A new research paper published by the Centre for Policy Studies, supported by UK tech firm Deliveroo, has called for government help to unlock the potential of its growing tech sector and expand its herd of ‘unicorns’.
‘Herding Unicorns’, written by a team led by former government special adviser Nick King, argues that any country that wants to play a leading role in the digital economy must foster the conditions to create and promote unicorn companies.
The CPS report was informed by extensive interviews with tech investors, entrepreneurs and staff at existing startups and scale-ups. It identifies that high-growth companies in the UK struggle to access talent with key digital skills, and that the ‘financing gap’ between British and American companies grows wider with successive rounds of fundraising.
The report calls on the Government to introduce a number of changes, including new tax incentives and a specific visa scheme to help high-growth companies address their skills problem, allowing the UK to grow its herd of unicorns further.
These measures include:
- Introduce a new class of ‘Unicorn Visas’ to address a lack of talent that is holding back companies, allowing them to attract the brightest and the best from around the world with a minimum of fuss.
- With 90% of scale-ups saying they face skills shortages – it is estimated 1.2m new tech and digitally skilled people are needed by 2022 – the government should implement an immediate ‘skills review’ led by the private sector and unicorn companies to improve the availability of homegrown talent.
- Help foster the next generation of Unicorn CEOs and staff through a new ‘National Tech Entrepreneur Mentoring Scheme’.
- Boost funding availability through changes to tax-advantaged venture capital schemes such as the Enterprise Investment Scheme (EIS), the Seed Enterprise Investment Scheme (SEIS) and Venture Capital Trusts (VCTs).
- Amend the rules governing ISAs to allow individuals to invest in privately held growth businesses and take steps to encourage UK institutional investors, and pension funds in particular, to allocate more of their capital towards growth companies.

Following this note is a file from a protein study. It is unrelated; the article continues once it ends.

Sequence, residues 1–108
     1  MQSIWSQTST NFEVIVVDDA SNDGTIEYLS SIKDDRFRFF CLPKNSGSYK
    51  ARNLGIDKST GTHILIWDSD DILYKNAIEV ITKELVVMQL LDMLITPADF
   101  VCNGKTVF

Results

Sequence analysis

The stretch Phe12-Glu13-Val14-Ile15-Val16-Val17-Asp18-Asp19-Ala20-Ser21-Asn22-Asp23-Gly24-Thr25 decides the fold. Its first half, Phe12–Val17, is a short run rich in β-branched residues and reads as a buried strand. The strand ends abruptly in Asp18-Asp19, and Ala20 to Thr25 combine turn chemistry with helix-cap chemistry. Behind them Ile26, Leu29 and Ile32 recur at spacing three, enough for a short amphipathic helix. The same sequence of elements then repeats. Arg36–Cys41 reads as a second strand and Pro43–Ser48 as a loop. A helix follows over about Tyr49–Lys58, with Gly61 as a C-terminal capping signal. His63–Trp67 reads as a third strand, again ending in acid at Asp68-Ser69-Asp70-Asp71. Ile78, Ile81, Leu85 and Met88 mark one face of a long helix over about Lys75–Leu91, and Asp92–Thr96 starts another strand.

The report contains eyewitness testimony from founders and funders about the challenges they face, together with feedback from an extensive programme of roundtables. Its findings address the two overwhelming concerns that were reported: access to talent and access to finance.
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The ‘unicorn visa’ would give companies immediate access to the skills they need to grow, while the ‘unicorn skills review’ would improve home-grown talent through a comprehensive review of adult digital training at universities, further education colleges and beyond, ensuring the UK is producing the right skills for the future.
The recommendations would also significantly improve the availability and quality of mentoring and guidance for entrepreneurs, and in particular improve links between high-growth firms and others looking to grow.
Nick King, head of business at the Centre for Policy Studies said: “Britain’s record to date has been impressive but we need to do more to create an environment which will allow the next generation of unicorn businesses to emerge and thrive in the UK.
“These proposals to improve the skills of the talent pool that we have in the UK, together with improving the ease of recruiting talent from further afield through ‘unicorn visas’, will help do just that.”
Dom Hallas, executive director of The Coalition for a Digital Economy (Coadec), said: “We know what tech startups and scale-ups need to grow – access to world-leading talent from both the UK and abroad, access to finance that helps them scale and compete globally, and practical regulation that adapts to innovative, high-growth business models.
“The government should be fully committed to tackling these core challenges to help our tech startups and scale-ups thrive.”